Kenyans trooped back to work on Monday despite work boycott calls by the National Super Alliance (NASA).
NASA leader Raila Odinga had on Sunday called on his supporters to stay away from work in protest over what he called a “stolen election” and a heavy-handed crackdown by police on those protesting the presidential results that handed President Uhuru Kenyatta a second term.
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In Kisumu County, most residents reported to work and their places of business despite the boycott calls.
A spot check by The Standard showed that public servants and those working in the informal sector reported to work.
“I respect NASA leader Raila Odinga, who called for the boycott, but I could not stay in the house any longer because I have children to feed and school fees to pay,” said Mary Akeyo, a casual labourer.
Even boda boda taxi operators reported to work after staying off the streets for nearly a week. Kisumu has been a ghost town as residents stayed home following violent protests by NASA supporters.
In Kibuye market, one of the largest open air markets in East Africa, traders said the protests had affected supplies, leading to an increase in the cost of food and other items.
Eunice Achieng’, a vegetable trader and a single mother, said most of the traders were unhappy with the presidential results but had to return to work to put food on the table.
Joash Otieno, a jua kali artisan, told The Standard he was happy normalcy was returning to the lakeside town.
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There were also residents who said they had stayed away from work as directed by the NASA leader.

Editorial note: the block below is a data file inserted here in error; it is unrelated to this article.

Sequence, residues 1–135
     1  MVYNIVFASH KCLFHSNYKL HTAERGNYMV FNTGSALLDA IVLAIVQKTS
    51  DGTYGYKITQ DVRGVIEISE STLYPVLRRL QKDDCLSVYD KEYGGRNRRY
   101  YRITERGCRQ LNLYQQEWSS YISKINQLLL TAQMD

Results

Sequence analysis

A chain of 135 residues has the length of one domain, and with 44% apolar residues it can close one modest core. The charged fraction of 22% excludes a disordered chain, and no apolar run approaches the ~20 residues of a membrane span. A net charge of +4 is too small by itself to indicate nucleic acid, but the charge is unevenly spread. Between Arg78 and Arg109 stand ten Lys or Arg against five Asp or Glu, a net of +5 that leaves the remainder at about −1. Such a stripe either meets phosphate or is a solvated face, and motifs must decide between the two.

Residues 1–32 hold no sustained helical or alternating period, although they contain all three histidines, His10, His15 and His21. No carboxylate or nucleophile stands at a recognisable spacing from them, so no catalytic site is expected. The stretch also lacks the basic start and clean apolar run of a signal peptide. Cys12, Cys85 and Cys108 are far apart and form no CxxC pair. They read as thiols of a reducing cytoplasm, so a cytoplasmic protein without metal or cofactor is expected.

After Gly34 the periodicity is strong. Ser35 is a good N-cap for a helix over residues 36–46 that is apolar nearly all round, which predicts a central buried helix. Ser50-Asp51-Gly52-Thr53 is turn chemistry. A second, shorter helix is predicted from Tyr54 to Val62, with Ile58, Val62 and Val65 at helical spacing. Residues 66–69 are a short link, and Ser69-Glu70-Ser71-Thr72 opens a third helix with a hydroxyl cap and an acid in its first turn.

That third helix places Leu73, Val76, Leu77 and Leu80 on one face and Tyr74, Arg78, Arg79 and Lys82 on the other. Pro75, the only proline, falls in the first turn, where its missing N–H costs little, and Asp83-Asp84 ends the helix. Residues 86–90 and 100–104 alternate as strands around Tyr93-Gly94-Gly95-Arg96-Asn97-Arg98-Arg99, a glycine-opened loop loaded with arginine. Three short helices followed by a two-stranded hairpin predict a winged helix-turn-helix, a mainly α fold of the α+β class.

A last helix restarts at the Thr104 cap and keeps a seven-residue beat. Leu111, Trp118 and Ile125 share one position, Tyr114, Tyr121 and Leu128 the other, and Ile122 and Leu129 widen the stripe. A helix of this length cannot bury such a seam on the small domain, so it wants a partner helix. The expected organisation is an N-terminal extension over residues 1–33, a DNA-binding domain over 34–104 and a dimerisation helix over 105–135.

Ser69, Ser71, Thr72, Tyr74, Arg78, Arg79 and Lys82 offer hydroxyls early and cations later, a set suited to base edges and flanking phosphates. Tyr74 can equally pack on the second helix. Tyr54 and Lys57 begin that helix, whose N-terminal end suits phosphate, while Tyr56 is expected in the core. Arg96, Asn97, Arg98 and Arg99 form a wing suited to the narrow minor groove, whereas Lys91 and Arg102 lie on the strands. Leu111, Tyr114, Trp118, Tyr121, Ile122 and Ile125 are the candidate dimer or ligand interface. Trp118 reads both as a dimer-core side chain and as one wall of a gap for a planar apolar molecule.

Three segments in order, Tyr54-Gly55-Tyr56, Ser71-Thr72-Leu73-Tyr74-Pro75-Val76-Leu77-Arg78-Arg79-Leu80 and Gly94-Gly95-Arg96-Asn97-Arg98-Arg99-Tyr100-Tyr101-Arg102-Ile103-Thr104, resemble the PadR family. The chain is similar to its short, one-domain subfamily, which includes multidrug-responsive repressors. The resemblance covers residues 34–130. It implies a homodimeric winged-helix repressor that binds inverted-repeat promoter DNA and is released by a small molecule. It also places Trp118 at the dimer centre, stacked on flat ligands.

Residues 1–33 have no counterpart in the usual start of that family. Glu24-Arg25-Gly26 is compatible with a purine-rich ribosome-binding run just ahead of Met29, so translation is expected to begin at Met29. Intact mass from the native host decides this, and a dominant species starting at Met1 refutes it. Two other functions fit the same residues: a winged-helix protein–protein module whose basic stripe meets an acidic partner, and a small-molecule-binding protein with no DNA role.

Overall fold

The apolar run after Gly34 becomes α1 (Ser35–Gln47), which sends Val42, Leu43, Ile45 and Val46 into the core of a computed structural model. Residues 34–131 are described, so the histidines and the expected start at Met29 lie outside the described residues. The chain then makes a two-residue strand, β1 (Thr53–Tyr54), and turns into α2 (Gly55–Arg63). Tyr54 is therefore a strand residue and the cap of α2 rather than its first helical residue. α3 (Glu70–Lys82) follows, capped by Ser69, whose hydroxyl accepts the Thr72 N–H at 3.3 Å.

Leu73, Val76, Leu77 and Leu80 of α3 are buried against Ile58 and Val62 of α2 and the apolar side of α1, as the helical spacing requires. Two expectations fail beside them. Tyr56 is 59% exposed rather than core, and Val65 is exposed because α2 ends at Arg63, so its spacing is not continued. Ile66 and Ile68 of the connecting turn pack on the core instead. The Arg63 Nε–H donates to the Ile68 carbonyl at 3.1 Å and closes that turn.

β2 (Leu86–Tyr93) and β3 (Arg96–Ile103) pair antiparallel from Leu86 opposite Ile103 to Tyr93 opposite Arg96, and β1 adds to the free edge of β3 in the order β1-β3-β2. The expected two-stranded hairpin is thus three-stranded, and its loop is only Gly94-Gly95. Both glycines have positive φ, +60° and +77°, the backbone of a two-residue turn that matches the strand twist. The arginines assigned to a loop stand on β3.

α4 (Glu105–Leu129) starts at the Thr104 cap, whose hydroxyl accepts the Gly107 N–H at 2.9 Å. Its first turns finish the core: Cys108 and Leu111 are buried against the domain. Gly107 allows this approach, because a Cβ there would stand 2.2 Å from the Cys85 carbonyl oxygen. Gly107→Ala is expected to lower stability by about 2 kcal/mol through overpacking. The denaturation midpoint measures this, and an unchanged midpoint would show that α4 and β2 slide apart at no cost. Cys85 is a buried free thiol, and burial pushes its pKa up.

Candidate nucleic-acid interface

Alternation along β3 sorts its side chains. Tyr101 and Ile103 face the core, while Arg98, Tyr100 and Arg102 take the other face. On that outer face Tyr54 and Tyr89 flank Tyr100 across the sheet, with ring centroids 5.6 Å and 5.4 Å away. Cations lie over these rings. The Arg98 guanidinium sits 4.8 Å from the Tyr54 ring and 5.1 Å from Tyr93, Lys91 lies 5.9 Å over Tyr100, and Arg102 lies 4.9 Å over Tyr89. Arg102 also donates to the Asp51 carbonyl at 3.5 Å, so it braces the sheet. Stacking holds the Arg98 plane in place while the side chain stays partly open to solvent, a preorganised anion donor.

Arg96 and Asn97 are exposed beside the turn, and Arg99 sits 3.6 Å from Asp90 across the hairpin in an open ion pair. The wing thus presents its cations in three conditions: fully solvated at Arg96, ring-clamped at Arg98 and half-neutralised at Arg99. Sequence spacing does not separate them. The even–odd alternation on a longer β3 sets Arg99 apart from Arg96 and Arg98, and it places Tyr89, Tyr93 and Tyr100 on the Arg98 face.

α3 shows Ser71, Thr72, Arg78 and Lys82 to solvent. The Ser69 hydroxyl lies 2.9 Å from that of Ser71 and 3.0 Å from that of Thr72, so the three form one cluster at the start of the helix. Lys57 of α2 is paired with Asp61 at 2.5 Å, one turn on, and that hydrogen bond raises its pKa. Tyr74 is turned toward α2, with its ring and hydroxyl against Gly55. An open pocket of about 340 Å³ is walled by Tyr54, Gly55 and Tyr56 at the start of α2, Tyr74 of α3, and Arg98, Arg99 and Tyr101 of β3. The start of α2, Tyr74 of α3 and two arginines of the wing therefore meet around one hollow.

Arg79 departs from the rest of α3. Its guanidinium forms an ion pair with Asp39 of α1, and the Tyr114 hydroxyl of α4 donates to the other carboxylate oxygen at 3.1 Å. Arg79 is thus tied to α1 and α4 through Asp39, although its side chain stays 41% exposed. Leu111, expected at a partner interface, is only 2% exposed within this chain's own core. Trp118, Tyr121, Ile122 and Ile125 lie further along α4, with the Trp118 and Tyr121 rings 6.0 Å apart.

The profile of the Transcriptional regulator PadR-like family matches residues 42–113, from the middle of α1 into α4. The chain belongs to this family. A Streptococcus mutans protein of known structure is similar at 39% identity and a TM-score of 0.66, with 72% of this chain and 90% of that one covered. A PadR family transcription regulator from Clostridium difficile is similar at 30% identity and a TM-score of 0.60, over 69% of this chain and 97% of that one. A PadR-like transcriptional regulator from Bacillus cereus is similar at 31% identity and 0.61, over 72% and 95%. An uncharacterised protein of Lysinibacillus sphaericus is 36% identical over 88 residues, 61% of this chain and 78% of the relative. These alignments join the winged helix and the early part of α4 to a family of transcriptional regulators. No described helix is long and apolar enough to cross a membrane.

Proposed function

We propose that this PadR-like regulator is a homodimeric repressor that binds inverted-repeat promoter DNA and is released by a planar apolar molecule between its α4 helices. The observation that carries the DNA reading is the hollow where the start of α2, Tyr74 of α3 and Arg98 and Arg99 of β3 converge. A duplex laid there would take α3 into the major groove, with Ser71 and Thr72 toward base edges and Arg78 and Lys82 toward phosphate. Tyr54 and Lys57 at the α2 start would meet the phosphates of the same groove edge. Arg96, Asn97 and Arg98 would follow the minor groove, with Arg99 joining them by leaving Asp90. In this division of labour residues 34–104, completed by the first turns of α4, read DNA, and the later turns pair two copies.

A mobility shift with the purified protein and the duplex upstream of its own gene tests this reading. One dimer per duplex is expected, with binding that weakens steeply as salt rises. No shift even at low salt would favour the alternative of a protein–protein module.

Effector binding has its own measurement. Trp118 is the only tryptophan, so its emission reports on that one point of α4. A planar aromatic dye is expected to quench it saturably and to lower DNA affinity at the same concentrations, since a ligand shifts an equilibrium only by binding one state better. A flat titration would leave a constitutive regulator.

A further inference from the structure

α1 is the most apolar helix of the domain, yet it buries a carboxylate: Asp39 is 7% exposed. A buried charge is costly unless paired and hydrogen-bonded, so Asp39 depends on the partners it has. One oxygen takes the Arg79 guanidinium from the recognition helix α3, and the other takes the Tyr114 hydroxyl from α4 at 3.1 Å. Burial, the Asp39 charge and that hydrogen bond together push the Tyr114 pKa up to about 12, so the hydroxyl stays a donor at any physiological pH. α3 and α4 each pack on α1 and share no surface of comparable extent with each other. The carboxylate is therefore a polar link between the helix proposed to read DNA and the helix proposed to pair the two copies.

Morice Ochieng, chairman of the boda boda operators in Kisumu, said they decided to heed the call and mourn the NASA loss.
In some estates, youths took to harassing residents making their way to work.
In Siaya, Homa Bay and Migori counties, most residents reported to work save for county government workers in some areas where most of the offices remained closed.
It was also work as usual in Nyamira and Kisii counties.
In Homa Bay, County Commissioner Kassim Farrah said public servants who failed to report to work without permission would be sacked.
“We took roll call from Friday and the turnout was 80 per cent. Today, the turn out was 100 per cent,” said Mr Farrah yesterday.
In Kakamega County, Governor Wycliffe Oparanya warned that those who refused to report to work would be doing so at their own risk.
“Everybody is at work. Those who boycott duty will be dealt with for absconding. We are in Nairobi discussing the way forward for NASA,” Mr Oparanya said by phone.
In Mt Kenya region, county and national government workers reported to work in disregard of the call to stay away.
And Rift Valley Regional Commissioner Wanyama Musiambo said Government workers in the 14 counties reported to duty.
“All Government employees in the region reported to work as usual and normal services are being offered. Even the Huduma centres are open,” said Mr Musiambo.
A spot check in Eldoret revealed that normalcy had returned to the town and its environs.
Hotels, supermarkets and banks among other businesses were operating normally while the main bus terminus was crowded.
By Monday, fares from Eldoret to Nairobi were Sh1,500 while travellers from Nairobi to Eldoret paid only Sh800.
The Kalenjin Council of Elders has also challenged the Opposition to seek legal redress instead of calling on Kenyans to boycott work.